Susan studied their subject in the light of the unwelcome logistics, the shift in his aspect impressing her deeply. The fire had eaten away the twigs and cones and had settled into a pile of pulsing red brands, the colour painted on the surface of his gaze, and she scoured his heedless countenance while the brutal mechanics of expediency absorbed him. He had shed the skin she barely knew, emerging raw and altered from the violence of that secret process, his scattered landmarks, mapped at such great cost, riven and abolished. He startled her again by skirting the fire and stooping to haul the smuggler upright by his collar, opening with an oblique motion of his left hand the man’s unguarded throat, cutting easily through the soft complex of veins and tendons. Blood fled the cursive wound in a silky-looking mass as his victim pitched sideways, eyes dimmed, waxy scalp glowing through his dirty hair. She tucked her head against her shoulder, drawing up her knees.
"Shoot him or something...”
“It’s too loud.” William assured her. “And you never have to do that twice.”
Edward exchanged his rifle for the dead man's superior Russian model and threw the latter’s side arms away into the trees where he had hidden the scrambled elements of the other smuggled ordinance. Susan glowered up at him as he stood examining the action of his stolen weapon.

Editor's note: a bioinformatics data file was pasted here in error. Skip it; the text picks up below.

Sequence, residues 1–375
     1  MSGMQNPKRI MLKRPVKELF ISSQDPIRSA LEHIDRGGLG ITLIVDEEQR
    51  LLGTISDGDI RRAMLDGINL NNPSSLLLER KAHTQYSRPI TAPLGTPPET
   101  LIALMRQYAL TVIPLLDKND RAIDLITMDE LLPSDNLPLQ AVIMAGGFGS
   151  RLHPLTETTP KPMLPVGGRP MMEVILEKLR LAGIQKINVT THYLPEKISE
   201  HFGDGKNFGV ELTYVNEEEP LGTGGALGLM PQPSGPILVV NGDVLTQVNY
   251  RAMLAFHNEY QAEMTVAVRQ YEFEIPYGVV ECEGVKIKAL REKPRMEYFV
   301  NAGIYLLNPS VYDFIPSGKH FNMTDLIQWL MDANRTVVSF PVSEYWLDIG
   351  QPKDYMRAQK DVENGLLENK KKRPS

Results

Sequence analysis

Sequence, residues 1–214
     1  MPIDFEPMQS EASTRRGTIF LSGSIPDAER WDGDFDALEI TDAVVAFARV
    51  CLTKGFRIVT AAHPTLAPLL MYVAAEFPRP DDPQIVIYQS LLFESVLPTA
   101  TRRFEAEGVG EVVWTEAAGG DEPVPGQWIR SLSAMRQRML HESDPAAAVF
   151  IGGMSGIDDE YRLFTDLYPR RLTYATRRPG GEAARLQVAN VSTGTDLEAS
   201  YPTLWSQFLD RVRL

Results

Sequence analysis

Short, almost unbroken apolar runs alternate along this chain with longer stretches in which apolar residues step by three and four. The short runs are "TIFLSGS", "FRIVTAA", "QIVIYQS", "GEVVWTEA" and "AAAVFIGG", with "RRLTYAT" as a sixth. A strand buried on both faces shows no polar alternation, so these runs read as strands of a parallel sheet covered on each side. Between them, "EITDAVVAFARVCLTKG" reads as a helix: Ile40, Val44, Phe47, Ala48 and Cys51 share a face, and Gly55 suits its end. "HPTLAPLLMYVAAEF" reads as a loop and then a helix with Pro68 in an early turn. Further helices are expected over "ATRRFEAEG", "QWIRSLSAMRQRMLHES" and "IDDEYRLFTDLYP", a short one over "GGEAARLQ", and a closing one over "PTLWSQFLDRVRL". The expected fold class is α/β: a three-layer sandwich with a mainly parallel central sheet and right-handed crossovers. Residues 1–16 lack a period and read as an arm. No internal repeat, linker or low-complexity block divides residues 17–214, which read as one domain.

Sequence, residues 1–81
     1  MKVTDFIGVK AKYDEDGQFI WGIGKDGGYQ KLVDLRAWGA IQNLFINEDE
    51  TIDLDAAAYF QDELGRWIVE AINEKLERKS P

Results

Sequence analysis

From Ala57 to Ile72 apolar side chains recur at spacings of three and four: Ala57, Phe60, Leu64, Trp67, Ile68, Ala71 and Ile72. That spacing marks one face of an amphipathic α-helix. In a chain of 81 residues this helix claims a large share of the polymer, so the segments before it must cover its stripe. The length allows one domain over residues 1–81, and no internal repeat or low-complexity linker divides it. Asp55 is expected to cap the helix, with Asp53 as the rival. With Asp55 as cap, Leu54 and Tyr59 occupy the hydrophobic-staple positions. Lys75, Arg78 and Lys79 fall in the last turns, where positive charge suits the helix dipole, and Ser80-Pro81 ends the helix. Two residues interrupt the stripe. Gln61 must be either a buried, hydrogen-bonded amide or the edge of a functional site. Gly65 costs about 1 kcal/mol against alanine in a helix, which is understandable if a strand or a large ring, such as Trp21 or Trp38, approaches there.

"You might as well have stayed in Commoriom Drive and gotten paid to fucking murder people." she told him. His eyes pulled focus at her remark; he reached over the fire to seize her, dragging her though her boots ploughed through the sparking hearth, sweeping coals onto the foot of her pack. He marched her swiftly past the shack to the body of the beaten smuggler despite the ferocity of her objections and bent down to tear the coat from the corpse, substantially uncovering its stiffly mottled form. With his fist grasping her collar he made sure she had gained her fill of all that it had suffered before and after death, that the invidious details had found a home behind the gaze she shuttered tightly.
"You are female... you can only dream of ending up like this if these alujha find you." he told her, disuse lending his voice the clarity of new glass. Susan shoved back at him, pulling free and almost tripping over the body's broken legs as William came at his brother, having beaten the embers from her pack. Edward took an uncontested blow, shouldered him aside and quit them, pausing to reclaim the few items he had left by the fire on his way east.
CONTINUED NEXT WEEK
© céili o'keefe do not reproduce